Clathrin-mediated endocytosis was shown to be arrested in mitosis due to a block in the invagination of clathrin-coated pits. A Xenopus mitotic phosphoprotein, MP90, is very similar to an abundant mammalian nerve terminal protein, epsin, which binds the Eps15 homology (EH) domain of Eps15 and the α-adaptin subunit of the clathrin adaptor AP-2. We show here that both rat epsin and Eps15 are mitotic phosphoproteins and that their mitotic phosphorylation inhibits binding to the appendage domain of α-adaptin. Both epsin and Eps15, like other cytosolic components of the synaptic vesicle endocytic machinery, undergo constitutive phosphorylation and depolarization- dependent dephosphorylation in nerve terminals. Furthermore, their binding to AP-2 in brain extracts is enhanced by dephosphorylation. Epsin together with Eps15 was proposed to assist the clathrin coat in its dynamic rearrangements during the invagination/fission reactions. Their mitotic phosphorylation may be one of the mechanisms by which the invagination of clathrin-coated pits is blocked in mitosis and their stimulation-dependent dephosphorylation at synapses may contribute to the compensatory burst of endocytosis after a secretory stimulus.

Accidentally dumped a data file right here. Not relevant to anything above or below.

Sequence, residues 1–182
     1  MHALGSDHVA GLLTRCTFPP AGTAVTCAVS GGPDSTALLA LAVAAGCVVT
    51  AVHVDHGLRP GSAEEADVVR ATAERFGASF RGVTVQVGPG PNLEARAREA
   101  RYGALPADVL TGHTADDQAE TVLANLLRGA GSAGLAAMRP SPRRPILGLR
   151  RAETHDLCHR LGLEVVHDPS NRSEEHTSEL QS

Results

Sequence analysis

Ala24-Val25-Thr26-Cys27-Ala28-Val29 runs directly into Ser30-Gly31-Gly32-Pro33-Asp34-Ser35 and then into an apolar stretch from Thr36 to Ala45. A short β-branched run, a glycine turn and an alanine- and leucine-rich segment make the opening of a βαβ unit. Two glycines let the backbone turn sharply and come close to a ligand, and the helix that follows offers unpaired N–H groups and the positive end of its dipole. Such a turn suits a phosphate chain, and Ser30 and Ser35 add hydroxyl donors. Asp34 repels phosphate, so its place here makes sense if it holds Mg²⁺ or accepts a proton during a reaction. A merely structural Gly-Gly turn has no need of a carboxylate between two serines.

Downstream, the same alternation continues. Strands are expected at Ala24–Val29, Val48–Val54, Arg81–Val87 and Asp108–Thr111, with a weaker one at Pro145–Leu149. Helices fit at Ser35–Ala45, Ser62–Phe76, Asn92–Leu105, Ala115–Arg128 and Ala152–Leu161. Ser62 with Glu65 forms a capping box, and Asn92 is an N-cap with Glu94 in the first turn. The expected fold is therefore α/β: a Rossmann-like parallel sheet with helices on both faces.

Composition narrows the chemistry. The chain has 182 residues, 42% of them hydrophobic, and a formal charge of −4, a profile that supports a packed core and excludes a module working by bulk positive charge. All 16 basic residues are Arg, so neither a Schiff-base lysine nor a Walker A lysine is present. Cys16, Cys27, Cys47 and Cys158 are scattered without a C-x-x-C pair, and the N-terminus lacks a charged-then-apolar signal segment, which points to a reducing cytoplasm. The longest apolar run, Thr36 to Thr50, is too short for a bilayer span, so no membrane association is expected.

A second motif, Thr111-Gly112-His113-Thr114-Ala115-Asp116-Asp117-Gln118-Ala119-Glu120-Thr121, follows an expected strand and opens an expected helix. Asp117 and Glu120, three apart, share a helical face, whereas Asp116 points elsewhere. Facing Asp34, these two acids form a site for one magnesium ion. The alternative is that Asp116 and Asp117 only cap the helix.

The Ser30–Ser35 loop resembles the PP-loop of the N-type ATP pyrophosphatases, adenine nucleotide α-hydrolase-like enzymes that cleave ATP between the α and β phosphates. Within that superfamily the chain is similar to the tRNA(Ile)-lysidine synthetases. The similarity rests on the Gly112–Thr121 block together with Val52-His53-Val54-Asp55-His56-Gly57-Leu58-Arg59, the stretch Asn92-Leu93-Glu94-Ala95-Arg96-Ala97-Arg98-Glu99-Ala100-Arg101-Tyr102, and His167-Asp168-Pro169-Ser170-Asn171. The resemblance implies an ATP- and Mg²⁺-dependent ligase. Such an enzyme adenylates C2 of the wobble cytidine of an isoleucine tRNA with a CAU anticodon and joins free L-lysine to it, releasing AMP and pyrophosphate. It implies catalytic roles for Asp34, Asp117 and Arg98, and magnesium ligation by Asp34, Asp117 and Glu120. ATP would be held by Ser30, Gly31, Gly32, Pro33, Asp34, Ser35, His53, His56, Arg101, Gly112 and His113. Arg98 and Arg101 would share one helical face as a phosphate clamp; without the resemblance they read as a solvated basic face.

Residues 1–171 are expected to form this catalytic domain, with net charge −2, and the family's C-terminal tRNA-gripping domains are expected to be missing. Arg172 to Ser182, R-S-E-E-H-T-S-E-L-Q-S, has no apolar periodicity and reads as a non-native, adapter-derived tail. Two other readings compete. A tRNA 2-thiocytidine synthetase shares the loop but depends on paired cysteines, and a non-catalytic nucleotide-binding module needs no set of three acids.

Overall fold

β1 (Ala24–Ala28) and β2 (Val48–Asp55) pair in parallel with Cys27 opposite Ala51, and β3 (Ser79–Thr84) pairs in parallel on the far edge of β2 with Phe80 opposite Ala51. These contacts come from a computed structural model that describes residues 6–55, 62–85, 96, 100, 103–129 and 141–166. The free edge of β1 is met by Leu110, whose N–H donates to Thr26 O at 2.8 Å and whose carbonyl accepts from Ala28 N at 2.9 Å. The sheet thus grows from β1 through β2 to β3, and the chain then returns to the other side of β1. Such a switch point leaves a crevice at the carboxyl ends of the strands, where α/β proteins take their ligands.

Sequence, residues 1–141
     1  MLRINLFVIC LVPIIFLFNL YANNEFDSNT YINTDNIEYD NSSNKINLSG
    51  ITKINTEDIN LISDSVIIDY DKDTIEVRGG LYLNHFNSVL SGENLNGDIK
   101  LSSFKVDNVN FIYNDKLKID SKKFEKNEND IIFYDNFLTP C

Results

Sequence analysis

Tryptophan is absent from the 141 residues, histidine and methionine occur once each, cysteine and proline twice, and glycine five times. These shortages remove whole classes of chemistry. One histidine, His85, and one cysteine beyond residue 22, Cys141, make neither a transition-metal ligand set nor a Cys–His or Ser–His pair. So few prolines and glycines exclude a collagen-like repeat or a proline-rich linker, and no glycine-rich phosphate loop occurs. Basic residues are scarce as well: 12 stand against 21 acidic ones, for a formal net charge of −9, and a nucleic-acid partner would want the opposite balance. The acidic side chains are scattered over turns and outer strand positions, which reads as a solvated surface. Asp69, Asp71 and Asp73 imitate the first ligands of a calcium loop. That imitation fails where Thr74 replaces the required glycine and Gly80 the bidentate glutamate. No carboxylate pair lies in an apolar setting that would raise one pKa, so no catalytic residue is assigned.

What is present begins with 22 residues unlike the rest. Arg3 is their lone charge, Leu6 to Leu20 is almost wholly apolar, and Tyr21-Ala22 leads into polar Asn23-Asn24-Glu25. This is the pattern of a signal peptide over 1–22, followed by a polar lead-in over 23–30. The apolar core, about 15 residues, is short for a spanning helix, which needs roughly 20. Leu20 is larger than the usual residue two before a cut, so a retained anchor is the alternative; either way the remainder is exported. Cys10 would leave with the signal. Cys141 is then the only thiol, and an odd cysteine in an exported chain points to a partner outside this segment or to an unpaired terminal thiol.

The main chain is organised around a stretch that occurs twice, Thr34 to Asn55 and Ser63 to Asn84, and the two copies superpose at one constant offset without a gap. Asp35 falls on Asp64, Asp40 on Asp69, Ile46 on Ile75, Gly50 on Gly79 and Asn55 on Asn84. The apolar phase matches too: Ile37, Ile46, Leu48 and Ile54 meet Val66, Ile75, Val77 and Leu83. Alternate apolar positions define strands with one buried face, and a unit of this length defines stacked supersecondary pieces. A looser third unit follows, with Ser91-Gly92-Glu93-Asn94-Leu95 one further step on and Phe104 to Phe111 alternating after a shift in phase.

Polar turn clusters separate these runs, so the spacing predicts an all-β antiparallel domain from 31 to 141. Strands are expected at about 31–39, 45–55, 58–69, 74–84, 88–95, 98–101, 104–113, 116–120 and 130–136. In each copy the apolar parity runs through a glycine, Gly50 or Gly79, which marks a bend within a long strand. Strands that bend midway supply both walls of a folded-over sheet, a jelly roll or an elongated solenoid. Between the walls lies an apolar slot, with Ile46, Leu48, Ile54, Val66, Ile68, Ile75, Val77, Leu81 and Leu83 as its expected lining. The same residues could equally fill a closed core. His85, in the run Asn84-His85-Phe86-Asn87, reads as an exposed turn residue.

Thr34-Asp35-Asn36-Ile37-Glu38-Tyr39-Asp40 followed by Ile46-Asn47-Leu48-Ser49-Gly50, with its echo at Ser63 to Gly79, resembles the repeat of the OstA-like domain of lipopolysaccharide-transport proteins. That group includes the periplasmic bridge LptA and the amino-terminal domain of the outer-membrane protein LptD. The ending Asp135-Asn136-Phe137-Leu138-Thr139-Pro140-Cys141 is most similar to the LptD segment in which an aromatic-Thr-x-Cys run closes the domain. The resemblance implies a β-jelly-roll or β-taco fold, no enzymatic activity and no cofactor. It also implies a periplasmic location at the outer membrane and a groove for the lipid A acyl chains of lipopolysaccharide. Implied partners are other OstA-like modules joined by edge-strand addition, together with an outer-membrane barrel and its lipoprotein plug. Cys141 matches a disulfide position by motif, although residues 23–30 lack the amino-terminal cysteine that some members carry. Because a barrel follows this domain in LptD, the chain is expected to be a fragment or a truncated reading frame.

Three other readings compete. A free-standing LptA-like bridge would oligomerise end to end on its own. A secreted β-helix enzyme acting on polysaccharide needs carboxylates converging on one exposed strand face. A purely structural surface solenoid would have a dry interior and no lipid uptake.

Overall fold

ASJC Scopus subject areas